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Top Five Shorts of 2019

Top Five Shorts of 2019

Compiled by Laurence Boyce

Kinoscope’s “Top Five Shorts of 2019” attempts to examine the shorts that have had an impact upon those who work within the short film industry over the year. While the short film world is often reluctant to engage in what could be seen as reductive thinking — the attempt to boil down a year’s worth of artistic endeavor and vital creativity into a series of lists — there is also value in not only giving recognition but also in examining what kind of films that have inspired those who have a huge say in how short film culture moves forward.

As the compiler, I will stress (as I do year after year in the introduction to this list) that this is not meant to be seen as a way of quantifying a list of “the best.” The list is a snapshot and a reflection of those films that have — and continue to have — significant resonances across the short film circuit as felt by those who program and write about shorts. 

As always, there is a diverse selection of films, ranging from heavily experimental works to more audience-friendly fare, which have captured the imagination. There are a few that appear several times on the list — “In Between” (whose director also provides a list as a programmer for Dokufest), “Watermelon Juice,” and “Slug Life” are among those titles and represent a generation of filmmakers doing bold and exciting work.

Like the previous year, I’m still unhappy that it’s weighted towards Western Europe, and I’ll keep working to ensure the diversity of respondents is improved over the coming years.

Finally, I urge you to enjoy this list and try and track down all the shorts that it has to offer. Then go and discover even more.

A few rules and notes:

Each respondent was given a choice of five films. No ranking was required, so each list is not necessarily in order.

Release dates are especially fluid in the short film world. Respondents were asked to choose films that “came to prominence in 2019.” Exactly what that meant remained under each individual’s purview.

Each list remains the choice of the individuals who responded, and does not necessarily reflect that of the organizations they work for.


James McNally (Festival Director, Shorts That Are Not Pants,

“Patision Avenue” (Thanasis Neofotistos)

 “Brotherhood” (Meryam Joobeur, 2018, Canada/Tunisia/Qatar/Sweden)

 This film explores the issue of Islamic radicalization in a nuanced and powerful way. The father’s performance, in particular, is devastating as he realizes what his decisions mean for his family.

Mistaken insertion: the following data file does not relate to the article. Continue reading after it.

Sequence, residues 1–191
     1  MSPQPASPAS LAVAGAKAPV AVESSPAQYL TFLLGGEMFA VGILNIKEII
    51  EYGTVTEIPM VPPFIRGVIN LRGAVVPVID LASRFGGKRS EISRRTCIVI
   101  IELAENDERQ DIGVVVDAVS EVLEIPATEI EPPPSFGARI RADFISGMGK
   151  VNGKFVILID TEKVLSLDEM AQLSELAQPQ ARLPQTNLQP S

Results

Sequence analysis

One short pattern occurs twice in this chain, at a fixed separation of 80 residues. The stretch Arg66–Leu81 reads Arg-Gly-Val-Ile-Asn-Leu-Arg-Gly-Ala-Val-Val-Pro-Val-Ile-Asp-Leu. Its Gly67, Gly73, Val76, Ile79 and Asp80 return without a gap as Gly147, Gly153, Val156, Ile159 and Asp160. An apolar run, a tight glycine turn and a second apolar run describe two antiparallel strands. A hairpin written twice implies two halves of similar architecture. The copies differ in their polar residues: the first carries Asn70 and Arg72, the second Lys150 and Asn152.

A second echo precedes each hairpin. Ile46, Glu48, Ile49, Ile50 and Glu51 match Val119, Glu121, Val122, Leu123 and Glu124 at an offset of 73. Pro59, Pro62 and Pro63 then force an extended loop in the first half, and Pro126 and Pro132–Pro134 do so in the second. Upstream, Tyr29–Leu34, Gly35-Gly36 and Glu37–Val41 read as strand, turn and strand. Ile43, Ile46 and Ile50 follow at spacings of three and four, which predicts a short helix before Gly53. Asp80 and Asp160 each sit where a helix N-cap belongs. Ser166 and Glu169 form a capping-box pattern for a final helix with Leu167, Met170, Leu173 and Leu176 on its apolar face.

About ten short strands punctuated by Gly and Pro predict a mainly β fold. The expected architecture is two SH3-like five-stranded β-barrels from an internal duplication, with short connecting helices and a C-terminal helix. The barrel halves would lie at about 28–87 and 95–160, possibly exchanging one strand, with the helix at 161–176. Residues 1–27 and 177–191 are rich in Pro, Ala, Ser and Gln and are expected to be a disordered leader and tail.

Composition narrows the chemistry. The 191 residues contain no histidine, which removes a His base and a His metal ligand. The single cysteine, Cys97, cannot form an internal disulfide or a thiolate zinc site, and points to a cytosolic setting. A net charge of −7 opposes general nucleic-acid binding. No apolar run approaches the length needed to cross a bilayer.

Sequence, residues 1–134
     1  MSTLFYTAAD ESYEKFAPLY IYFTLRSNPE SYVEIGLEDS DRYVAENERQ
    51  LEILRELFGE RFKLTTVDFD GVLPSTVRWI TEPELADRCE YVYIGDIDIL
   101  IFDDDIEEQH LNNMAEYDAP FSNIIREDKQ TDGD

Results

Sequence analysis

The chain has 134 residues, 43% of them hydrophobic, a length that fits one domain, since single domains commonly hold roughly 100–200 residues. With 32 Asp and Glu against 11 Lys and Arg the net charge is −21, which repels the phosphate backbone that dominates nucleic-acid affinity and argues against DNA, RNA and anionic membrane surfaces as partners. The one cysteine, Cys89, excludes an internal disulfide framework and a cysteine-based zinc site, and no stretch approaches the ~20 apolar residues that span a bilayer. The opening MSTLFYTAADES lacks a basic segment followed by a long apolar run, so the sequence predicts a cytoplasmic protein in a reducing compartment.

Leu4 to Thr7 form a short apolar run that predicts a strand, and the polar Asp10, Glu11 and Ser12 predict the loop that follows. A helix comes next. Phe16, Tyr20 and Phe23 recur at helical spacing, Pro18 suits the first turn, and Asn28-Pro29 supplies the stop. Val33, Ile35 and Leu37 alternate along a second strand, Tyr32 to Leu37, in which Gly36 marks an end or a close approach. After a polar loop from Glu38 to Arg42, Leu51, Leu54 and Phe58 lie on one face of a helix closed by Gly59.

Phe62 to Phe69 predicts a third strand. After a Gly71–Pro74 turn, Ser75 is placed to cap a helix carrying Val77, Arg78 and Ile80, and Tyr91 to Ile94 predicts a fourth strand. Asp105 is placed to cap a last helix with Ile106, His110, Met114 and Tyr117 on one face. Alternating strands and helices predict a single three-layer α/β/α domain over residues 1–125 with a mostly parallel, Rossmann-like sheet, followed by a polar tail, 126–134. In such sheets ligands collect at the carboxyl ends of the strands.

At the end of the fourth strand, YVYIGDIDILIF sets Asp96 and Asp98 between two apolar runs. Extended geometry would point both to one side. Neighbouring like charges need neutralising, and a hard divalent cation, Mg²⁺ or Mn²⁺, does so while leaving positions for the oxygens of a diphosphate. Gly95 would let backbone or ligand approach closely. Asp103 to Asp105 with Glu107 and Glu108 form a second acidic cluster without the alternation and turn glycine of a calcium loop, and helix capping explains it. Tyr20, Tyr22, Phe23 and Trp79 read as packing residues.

“Nefta Football Club” (Yves Piat, 2018, France)

 The non-professional child actors bring charm to their roles as unwitting disruptors of a criminal scheme. The final drone shot is wonderful.

“Patision Avenue” (Thanasis Neofotistos, 2018, Greece)

 A one-take wonder that builds tension expertly, making us care about a character whose face we never see. 

 “Watermelon Juice” [Suc de síndria] (Irene Moray, 2019, Spain)

 Sensuous and emotionally powerful, this story of sexual healing is both intimate and universal.

 “The Colour of Your Lips” (Annick Blanc, 2018, Canada)

 A wordless tale of apocalypse, beautifully portraying our basic needs for connection and survival, even when they conflict with each other.


Emilia Mazik (Festival Director, Short Waves Festival,

“My Country, So Beautiful” (Grzegorz Paprzycki)

“If Then Else” [Después también] (Carla Simón, 2019, Portugal)

“My Country, So Beautiful” [Mój kraj taki piękny] (Grzegorz Paprzycki, 2019, Poland)

“All Movements Should Kill the Wind” [所有动作都应杀死风] (Wang Yuyan, 2019, France)

“Eyes on the Road” (Stefanie Kolk, 2019, The Netherlands)

“Slug Life” (Sophie Koko Gate, 2018, UK)


 Julie Rousson (Clermont-Ferrand Short Film Festival) 

“The Physics of Sorrow” (Theodore Ushev)

“The Physics of Sorrow” [Physique de la tristesse] (Theodore Ushev, 2019, Canada) 

One of the strongest cinematographic experiences I’ve had in years. This film has soul, and tells about a personal subject in a very universal way.

“Sorry Not Sorry” (Julia Thelin, 2019, Sweden) 

Without making meaningless statements, the film is a celebration of revenge, between witchcraft and lunacy. Also, one of the best boy bands of the year.